The impending schism of the United Methodist Church


This past week I attended the annual meeting of the ecumenical officers of the Episcopal Church as a representative of the Catholic Association of Diocesan Ecumenical Officers. One of the central issues that were discussed was the impending schism of the United Methodist Church. Why, you may ask, was that of importance to Episcopalians? Well, that is because the Episcopal Church and Methodist Church have been working toward (and were getting closer to) a full communion ratification. The split within the United Methodist Church is certainly putting the brakes on any ratification of a full communion move with Episcopalians.

The issue at hand is the adoption of what is more popularly called the Traditional Plan, yet officially called the “Protocol of Reconciliation & Grace Through Separation,” at a specially-called General Conference, which in essence kept unmodified the bans on same-sex weddings and ordination of gay clergy adopted in 1972.

The more progressive wing of the United Methodist Church has responded. In the words of the Rev. Henry Gibson, pastor of youth, evangelism and inclusive ministries at Highlands United Methodist Church at Five Points South in Birmingham, Alabama, “That’s a decision a lot of us can’t accept as being in line with our Christian faith. This is not what we think the church is supposed to be.”

The Rev. Brian Erickson, senior pastor of Trinity United Methodist Church in Homewood, Alabama, explained, “In May, right after the 2019 General Conference, a group of centrist, progressive, American Methodists invited 10 folks from every annual conference in the country to discuss where we are — we agree the Traditional Plan was not in the best interest of the church.”

The Traditional Plan has set in motion an option for “graceful exit,” that would give permission for any dissenting congregations of the United Methodist Church to ask permission to leave the denomination and take their property with them.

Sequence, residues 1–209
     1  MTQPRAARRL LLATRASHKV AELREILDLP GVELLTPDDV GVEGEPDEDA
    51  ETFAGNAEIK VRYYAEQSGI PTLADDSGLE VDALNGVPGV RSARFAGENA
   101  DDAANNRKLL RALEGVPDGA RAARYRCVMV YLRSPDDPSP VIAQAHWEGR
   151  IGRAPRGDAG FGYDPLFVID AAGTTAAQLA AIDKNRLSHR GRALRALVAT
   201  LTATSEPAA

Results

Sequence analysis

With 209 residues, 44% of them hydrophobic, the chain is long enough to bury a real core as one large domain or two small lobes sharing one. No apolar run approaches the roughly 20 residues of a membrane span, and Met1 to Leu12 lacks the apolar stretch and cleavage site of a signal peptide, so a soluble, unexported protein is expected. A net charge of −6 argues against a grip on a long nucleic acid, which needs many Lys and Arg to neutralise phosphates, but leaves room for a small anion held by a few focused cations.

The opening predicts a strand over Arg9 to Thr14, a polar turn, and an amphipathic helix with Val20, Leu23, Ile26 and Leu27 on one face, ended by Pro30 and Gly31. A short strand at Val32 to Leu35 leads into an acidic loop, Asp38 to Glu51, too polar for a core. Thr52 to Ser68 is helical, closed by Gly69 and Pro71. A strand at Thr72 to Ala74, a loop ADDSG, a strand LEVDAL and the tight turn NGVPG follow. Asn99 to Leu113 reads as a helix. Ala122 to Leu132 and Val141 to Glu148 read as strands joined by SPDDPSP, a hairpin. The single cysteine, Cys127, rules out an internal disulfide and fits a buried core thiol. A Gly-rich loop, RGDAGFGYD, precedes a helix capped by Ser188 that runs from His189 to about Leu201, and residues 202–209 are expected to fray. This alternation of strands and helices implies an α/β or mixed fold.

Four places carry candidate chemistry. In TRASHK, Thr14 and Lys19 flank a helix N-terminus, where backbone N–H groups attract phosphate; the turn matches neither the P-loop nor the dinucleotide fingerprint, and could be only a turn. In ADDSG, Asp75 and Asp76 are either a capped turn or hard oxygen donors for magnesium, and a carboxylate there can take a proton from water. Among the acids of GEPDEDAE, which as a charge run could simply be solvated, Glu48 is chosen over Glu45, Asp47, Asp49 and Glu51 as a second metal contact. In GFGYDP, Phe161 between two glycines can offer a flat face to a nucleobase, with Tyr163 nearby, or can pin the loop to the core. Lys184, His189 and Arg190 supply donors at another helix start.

Rev. Erickson admits, “Some form of splitting is going to happen and there’s a lot of pain about that.”

Even though it seems that the majority of Methodists in the United States favor a more inclusive stance toward the LGBTQ policies, the growing churches of Methodists in Africa and Asia have voted for staying with the traditional view stated in the Methodist Book of Disciple, the church’s rule book, that states, “The practice of homosexuality is incompatible with Christian teaching.”

Traditionalist Methodists claim that the issue of gay members is not the sole reason for the rift in their church. The Rev. Vaughn Stafford, lead pastor of ClearBranch United Methodist Church in Trussville, Alabama, explains that the Traditional Plan is just the tip of the iceberg of disagreement among Methodists. He said, “Our real issues are much deeper than that; it’s about the nature of Jesus, the person of Jesus, the interpretation of Scripture. We needed to band together with traditionally orthodox Wesleyans.”

He continued, “That’s really the bigger issue, human sexuality is the presenting issue. We’ve been a creedal church. We believe in the Virgin Birth … the Resurrection of Jesus. There are those within the denomination that would call that the Jesus myth. I believe those things. I’ve given my life to those things.”

Methodist Bishop Debra Wallace-Padgett, head of the Alabama Conference of the United Methodist Church, issued a statement earlier this month that said The ‘Protocol of Reconciliation & Grace Through Separation will go before the General Conference that meets in Minneapolis, Minnesota, on May 5-15, 2020. General Conference is the body of the United Methodist Church that sets policy for the denomination. The 2020 General Conference will be comprised of approximately 850 delegates from around the world.

She added, “I invite our North Alabama United Methodist Conference to continue to pray for our church, our church’s effectiveness in fulfilling our mission of making disciples and the work of the upcoming 2020 General Conference.”

Her predecessor, Bishop William Willimon, added, “I think church schism is always a tragedy, always a sign of failure. The best you can say is the United Methodist Church is a mirror of the national political situation, without trying hard to be Christian. I think it’s sad!”

Father Joseph D. Wallace is director, Ecumenical and Inter-religious Affairs, Diocese of Camden.